Ottawa to hand off R&D money to businesses, leaving behind discovery-driven research
(Ottawa - April 21, 2015) Today’s federal budget represents another missed opportunity to set Canada’s science and research right, says the organization representing the country’s university and college academic staff.
“When it comes to supporting university-based research, the federal government has an unbalanced approach,” said David Robinson, executive director of the Canadian Association of University Teachers. “This budget, by directing new funding to specific industry-related projects, confirms this. The government continues to miss the fact that real innovation and scientific advancements are driven by long-term basic research, not short-term market demands.”
The federal government will only invest $10 million of new money to advance research and innovation in 2015/16. The bulk of new spending only comes in 2017/18 with new investments to the Canada Foundation for Innovation. Most of the investments announced today supporting advanced research will be spent on politically-driven research and targeted initiatives.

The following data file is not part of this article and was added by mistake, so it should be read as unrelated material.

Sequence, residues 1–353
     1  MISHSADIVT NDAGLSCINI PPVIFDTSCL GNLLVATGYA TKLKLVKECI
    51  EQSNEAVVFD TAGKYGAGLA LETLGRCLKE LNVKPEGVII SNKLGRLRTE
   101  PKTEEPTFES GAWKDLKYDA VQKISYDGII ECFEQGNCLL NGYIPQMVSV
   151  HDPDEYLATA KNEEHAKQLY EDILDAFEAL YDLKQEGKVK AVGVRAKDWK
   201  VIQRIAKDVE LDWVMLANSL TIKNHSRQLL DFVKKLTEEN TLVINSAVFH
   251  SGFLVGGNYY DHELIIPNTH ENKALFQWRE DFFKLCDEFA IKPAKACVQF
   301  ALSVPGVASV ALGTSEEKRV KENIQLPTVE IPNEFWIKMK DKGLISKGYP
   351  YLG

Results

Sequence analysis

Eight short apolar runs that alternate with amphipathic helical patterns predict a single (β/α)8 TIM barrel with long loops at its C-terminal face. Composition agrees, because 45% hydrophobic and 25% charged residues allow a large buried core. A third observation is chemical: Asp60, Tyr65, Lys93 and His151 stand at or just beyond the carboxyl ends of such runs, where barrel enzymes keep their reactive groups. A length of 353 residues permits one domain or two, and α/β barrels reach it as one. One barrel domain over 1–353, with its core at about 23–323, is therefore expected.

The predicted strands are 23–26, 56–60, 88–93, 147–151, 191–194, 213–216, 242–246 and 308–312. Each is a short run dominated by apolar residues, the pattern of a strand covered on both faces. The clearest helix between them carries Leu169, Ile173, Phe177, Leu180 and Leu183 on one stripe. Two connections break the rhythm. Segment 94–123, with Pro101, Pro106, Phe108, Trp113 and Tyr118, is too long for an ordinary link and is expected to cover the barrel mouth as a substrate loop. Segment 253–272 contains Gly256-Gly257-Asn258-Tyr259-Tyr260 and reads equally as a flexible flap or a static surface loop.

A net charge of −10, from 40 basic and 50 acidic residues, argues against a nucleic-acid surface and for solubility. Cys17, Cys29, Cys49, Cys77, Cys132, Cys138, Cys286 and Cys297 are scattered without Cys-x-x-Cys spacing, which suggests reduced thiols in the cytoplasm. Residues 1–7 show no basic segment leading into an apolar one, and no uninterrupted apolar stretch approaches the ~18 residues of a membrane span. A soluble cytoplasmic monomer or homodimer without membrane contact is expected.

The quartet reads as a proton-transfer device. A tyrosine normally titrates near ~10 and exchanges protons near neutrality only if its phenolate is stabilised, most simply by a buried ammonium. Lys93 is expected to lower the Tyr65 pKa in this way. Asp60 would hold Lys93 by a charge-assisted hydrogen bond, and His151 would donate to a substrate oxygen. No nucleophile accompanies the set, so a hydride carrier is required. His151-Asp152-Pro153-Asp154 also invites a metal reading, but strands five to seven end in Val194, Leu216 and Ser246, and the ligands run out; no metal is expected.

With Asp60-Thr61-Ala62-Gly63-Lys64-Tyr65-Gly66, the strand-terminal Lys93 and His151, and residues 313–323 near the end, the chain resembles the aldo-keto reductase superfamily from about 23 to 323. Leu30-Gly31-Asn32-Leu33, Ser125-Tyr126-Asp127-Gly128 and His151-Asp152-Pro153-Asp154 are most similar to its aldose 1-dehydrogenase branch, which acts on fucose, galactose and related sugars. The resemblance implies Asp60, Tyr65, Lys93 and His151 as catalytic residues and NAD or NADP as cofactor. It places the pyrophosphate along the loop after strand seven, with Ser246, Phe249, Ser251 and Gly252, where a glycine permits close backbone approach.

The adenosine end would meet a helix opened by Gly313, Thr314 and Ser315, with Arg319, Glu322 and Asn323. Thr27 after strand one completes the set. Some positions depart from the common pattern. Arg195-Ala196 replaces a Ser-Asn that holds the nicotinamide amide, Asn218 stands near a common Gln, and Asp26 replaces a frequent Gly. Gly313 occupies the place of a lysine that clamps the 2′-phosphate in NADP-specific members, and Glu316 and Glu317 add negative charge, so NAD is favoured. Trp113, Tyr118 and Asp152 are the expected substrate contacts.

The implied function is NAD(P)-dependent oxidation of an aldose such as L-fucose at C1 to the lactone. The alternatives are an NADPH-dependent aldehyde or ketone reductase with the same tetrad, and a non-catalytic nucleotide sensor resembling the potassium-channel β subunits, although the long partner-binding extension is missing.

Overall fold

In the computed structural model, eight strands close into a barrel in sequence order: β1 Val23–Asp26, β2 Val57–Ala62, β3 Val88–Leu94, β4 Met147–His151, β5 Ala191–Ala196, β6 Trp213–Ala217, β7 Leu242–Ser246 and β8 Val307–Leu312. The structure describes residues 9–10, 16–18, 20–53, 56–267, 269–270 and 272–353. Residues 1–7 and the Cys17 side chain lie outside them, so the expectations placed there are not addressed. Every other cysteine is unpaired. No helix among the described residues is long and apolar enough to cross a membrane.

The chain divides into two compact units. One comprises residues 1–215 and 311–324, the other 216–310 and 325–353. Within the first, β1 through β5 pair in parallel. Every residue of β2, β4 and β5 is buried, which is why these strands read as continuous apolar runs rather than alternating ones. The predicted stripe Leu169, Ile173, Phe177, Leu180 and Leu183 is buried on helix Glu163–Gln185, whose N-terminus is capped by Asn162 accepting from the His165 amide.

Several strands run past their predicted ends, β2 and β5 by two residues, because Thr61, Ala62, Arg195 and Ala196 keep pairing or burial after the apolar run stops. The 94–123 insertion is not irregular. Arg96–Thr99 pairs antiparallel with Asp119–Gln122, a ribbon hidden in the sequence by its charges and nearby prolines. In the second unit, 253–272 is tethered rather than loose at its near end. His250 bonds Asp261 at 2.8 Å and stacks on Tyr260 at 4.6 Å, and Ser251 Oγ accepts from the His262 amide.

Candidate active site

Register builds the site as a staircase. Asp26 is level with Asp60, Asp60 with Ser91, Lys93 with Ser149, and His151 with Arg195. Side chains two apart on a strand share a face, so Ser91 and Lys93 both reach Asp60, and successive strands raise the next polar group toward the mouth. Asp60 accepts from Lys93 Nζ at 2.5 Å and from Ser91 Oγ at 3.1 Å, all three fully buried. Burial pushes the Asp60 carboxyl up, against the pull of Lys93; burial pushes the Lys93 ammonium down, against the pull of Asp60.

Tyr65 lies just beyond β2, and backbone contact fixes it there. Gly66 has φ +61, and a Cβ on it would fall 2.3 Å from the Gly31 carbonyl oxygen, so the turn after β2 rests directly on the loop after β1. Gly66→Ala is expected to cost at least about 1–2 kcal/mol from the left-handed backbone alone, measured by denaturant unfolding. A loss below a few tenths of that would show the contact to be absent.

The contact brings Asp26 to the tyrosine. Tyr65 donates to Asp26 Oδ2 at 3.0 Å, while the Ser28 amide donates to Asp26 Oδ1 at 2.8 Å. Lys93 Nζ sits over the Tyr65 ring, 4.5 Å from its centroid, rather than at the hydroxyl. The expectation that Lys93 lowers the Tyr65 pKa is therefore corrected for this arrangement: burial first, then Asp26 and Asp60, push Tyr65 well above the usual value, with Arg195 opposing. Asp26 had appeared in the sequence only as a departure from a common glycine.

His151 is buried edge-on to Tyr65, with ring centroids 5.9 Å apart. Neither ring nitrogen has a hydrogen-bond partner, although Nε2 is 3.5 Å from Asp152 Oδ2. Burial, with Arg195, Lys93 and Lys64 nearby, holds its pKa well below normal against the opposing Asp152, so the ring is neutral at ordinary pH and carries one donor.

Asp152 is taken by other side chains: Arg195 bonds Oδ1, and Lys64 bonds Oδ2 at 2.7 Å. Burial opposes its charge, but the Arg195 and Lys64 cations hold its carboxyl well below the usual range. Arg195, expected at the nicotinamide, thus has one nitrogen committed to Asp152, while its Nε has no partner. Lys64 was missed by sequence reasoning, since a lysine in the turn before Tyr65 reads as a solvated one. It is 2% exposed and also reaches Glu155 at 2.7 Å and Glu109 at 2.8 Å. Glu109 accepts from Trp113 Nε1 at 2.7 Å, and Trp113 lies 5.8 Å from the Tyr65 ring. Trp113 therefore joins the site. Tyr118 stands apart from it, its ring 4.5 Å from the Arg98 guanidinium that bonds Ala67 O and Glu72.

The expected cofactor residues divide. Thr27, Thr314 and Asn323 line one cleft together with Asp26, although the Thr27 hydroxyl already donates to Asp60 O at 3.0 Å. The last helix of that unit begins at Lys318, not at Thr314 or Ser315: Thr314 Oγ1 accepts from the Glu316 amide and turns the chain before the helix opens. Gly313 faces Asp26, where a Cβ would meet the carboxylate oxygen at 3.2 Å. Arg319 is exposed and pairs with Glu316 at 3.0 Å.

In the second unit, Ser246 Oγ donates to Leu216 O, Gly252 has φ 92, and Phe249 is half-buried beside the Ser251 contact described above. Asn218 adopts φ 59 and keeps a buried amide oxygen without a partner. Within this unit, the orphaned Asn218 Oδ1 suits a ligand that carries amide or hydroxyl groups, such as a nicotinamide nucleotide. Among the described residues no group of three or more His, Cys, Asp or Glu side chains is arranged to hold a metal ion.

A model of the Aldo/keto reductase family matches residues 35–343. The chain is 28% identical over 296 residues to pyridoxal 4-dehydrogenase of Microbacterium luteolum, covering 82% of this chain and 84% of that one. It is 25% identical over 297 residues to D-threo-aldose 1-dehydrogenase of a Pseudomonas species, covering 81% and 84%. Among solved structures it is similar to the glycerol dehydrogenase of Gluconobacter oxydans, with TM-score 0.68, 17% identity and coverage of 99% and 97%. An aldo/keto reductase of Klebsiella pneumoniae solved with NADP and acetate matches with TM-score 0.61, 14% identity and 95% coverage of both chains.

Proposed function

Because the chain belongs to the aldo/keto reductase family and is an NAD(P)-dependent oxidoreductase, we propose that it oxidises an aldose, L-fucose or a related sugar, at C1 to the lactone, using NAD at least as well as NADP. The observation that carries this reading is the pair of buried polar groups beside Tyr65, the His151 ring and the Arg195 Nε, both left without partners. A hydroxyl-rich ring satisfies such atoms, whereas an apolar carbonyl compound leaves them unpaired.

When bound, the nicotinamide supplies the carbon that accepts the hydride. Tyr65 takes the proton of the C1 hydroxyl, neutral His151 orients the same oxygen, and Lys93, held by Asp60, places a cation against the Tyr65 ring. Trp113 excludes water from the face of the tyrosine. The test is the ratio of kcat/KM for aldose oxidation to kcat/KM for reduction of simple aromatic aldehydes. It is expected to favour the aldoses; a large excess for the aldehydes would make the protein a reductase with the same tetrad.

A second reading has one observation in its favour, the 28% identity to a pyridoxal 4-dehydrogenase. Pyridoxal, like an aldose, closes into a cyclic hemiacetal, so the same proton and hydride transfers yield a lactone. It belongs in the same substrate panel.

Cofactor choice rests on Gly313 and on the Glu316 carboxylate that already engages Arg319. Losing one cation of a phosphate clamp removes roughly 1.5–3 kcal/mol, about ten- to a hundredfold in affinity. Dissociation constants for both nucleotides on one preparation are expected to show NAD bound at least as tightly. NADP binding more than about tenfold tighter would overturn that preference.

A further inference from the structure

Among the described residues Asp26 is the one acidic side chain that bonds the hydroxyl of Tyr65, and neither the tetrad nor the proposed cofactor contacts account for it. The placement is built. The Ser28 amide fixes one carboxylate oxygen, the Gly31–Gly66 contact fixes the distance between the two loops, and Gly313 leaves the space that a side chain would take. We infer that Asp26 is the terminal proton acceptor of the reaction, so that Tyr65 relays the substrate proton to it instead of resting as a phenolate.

“The investments announced both today and in last year’s budget are not enough to drive innovation,” adds Robinson. “The government’s approach to date has failed, even by its own standards.”
The federal government announced an extra $46 million per year to the research granting councils, starting only in 2016/17. Almost all new funding allocated to the research granting councils will be directed to business-driven research initiatives. Canada continues to fail by international standards in research and development, despite generous corporate subsidies and targeted research funding. Canada now ranks 22nd out of 34 OECD countries for business investments in R&D, down from 16th in 2006.
Robinson concluded, “Canadians deserve a new direction in science policy, one that supports the basic research that benefits us all.”
The Canadian Association of University Teachers is the national voice of 68,000 academic and general staff at more than 120 universities and colleges in the country.